That song was written after I'd done most of the basic recording for the other songs on BLNY3. I was doing most of the rest of the tracking sitting on the floor in my girlfriend's bedroom with the few pieces of gear I was using arranged in a semi circle around me: my interface and computer, a 4-track I'd borrowed from a friend, a drum machine, and a shitty Casio. That's where I had the idea for the song. It's the first thing I've ever written primarily on keys, I'm pretty sure. In that sense, I think it was really just my environment. I'd also been listening to a lot of top 40 pop at the time, and all summer, so I'm sure that had something to do with it.
I hope I’m not projecting here, but whenever I listen to your music there’s something quintessentially “Portland” about your songs – in a very good way! Maybe it’s in the way you sing or the chords you use, but I can just feel the mood of the city anytime I put on any of your tracks (the new album especially). How have your surroundings and the local scene influenced your work (if they have)?
I hope you're not projecting either, because that's very cool to hear! A lot of the city's indie rock was definitely huge for me as a teenager and in college, Elliott Smith and Heatmiser being somewhat obvious touchstones. But the stuff my friends here make now is just as important to me, if not more so—I've learned more from talking to them about music and watching them play than I think I ever could from like closely listening to Either/Or or whatever. Lots of people that are ultimately making pop music, but with something just a little left-field about it, and that's exactly what I like. There are way too many wildly talented bands here for me to list them all, but the Good Cheer catalog is a good place to start. It's really special company to be in. Good Cheer took a chance on me very early, when basically no one was paying attention, and I'm forever grateful to them for that.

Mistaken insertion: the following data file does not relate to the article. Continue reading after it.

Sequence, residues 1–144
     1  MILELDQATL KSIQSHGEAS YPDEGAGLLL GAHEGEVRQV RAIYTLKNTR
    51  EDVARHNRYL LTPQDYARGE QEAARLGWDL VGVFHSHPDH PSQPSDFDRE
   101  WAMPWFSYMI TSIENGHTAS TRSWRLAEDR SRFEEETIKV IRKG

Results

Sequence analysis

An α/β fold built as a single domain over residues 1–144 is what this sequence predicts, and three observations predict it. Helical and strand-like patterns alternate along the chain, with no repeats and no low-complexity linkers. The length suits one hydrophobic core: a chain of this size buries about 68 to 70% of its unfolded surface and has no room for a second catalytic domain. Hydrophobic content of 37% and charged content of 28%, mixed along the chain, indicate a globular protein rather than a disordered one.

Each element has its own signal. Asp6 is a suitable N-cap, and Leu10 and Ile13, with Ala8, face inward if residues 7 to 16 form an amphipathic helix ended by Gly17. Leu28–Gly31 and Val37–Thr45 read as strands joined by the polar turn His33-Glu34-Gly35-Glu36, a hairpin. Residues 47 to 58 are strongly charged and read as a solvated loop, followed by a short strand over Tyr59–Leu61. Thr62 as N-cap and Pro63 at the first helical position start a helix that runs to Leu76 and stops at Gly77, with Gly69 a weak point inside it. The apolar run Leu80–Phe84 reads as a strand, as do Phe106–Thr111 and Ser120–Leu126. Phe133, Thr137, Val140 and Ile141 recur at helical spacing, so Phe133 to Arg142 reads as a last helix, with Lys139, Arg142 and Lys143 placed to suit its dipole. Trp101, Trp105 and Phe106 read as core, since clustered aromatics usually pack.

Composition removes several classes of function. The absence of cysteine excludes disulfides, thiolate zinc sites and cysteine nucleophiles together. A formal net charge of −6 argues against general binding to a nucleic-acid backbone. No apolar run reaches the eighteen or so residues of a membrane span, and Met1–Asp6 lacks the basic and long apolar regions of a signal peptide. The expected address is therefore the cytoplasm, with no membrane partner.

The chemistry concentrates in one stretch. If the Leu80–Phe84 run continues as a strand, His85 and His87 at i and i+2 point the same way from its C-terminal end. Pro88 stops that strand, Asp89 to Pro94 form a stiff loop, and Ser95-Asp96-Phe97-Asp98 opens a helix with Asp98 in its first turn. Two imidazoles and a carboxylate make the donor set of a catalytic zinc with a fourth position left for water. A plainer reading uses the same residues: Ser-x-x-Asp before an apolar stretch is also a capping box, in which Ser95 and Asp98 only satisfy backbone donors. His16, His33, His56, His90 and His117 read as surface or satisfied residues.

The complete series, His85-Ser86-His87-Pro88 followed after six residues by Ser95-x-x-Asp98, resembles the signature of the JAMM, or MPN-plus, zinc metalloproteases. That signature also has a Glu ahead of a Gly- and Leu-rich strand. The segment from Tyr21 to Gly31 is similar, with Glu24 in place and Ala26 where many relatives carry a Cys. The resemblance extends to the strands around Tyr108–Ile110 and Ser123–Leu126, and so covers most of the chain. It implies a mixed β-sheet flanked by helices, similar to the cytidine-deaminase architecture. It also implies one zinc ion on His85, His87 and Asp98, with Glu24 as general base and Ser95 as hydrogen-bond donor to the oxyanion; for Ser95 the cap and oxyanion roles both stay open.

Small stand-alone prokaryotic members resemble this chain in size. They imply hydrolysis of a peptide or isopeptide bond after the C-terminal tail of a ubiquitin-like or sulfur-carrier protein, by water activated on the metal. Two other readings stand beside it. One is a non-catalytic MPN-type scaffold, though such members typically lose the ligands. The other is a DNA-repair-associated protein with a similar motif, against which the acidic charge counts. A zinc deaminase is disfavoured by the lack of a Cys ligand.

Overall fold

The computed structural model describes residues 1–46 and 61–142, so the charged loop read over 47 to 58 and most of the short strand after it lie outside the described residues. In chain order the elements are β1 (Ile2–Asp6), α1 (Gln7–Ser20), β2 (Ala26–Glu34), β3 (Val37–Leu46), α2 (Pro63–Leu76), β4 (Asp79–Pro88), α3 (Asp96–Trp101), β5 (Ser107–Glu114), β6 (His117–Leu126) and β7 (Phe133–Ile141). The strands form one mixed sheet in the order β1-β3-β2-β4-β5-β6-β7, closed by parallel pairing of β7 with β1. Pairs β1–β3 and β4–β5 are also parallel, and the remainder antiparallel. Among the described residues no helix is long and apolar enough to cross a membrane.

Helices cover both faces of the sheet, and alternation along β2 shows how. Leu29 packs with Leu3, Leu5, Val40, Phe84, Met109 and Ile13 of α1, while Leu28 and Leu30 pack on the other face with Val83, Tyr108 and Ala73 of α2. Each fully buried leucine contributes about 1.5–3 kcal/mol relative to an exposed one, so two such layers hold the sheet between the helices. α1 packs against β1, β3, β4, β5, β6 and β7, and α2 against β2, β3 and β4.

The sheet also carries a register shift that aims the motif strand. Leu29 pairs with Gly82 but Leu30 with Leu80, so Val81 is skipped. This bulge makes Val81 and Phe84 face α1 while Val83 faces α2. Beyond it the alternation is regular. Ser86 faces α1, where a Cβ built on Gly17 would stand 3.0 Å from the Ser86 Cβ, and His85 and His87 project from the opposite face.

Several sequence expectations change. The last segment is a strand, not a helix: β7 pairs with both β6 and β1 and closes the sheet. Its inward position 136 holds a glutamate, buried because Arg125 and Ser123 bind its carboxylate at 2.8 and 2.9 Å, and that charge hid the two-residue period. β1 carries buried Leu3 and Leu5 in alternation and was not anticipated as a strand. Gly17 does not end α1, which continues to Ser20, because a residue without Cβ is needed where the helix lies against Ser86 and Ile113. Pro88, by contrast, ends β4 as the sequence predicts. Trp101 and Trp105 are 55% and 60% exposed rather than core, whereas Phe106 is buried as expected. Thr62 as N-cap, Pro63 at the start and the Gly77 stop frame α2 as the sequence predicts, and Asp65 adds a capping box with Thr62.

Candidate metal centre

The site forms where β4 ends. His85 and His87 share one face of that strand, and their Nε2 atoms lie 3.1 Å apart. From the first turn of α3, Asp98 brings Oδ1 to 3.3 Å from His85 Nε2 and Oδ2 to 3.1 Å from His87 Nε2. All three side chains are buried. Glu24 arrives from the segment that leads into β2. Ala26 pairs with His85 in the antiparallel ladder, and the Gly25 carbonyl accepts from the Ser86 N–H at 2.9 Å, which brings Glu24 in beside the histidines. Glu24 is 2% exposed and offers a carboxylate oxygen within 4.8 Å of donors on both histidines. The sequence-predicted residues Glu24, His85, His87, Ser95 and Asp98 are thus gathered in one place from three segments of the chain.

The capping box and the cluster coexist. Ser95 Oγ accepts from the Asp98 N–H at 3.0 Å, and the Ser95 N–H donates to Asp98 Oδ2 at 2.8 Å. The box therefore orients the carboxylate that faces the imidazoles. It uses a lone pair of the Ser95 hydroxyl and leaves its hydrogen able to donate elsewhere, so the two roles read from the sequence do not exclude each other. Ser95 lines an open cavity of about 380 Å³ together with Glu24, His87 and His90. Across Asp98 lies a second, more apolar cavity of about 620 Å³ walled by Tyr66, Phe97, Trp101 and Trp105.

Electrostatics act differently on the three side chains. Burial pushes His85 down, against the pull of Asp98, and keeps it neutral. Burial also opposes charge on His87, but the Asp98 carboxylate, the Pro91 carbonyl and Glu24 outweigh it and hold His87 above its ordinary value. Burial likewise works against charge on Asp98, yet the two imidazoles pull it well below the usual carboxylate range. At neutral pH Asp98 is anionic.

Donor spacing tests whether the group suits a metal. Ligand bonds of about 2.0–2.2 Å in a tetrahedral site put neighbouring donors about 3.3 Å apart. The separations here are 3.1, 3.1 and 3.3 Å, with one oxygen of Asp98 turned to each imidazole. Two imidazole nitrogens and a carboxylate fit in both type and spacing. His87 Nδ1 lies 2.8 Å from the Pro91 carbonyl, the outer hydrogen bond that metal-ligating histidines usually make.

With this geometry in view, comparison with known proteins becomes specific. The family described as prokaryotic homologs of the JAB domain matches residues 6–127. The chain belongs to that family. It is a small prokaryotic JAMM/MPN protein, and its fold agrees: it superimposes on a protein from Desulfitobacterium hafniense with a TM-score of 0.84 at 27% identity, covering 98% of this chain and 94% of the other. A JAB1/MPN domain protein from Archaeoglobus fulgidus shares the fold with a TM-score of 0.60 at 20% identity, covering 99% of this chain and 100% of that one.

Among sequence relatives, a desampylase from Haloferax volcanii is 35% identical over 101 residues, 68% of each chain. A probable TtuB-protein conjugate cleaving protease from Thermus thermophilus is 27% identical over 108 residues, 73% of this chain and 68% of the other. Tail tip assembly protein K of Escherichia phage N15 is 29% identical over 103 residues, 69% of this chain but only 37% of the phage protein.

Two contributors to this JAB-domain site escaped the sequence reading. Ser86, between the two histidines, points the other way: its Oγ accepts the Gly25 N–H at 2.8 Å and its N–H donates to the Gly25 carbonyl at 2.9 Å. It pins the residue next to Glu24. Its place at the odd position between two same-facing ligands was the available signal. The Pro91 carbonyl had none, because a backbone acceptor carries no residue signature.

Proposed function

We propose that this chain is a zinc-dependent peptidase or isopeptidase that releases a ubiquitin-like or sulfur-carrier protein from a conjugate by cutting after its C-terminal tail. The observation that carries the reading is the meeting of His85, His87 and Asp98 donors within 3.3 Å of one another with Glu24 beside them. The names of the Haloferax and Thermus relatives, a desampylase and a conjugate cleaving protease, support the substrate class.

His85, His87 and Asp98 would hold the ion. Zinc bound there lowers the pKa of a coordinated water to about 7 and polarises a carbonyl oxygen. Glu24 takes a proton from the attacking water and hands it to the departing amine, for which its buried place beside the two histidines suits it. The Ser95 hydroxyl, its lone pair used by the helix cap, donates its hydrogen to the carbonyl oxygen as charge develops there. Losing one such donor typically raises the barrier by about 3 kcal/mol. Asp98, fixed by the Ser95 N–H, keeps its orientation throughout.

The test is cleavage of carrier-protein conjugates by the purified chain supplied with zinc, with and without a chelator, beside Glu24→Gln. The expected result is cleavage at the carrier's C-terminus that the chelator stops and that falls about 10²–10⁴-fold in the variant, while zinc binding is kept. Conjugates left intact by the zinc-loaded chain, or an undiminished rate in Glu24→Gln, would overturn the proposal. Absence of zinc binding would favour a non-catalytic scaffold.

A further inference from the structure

Your last record was called Infinite Hiatus, but it seems like that’s far from the case with this new album already coming out. What are your next plans for Cool American? New records, tour, etc?
We're gonna do some short PNW and west coast swings in the spring and early summer, and I'm not totally sure after that. I would like to do another full US tour in the fall, and maybe a solo tour before then. I basically want to tour as much as possible, but like I said, the touring aspect of playing in a band is an absolute nightmare for the wallet whichever way you cut it, so it's always been a little touch and go. There will be another full length as some point too, it's basically written but I've barely started thinking about how I want to record it. My next big goal for Cool American (and just in general) is to experiment a bit with the live performance. This is not exactly an original sentiment, but I'm getting a little tired of the typical "3-4 band DIY gig" format. I want to do a release show where we don't even have to play, that seems like it'd be way more fun.
Pre-order Better Luck Next Year Vol. 3 now. Good Cheer Records will also be releasing all three BLNY volumes compiled on a single cassette.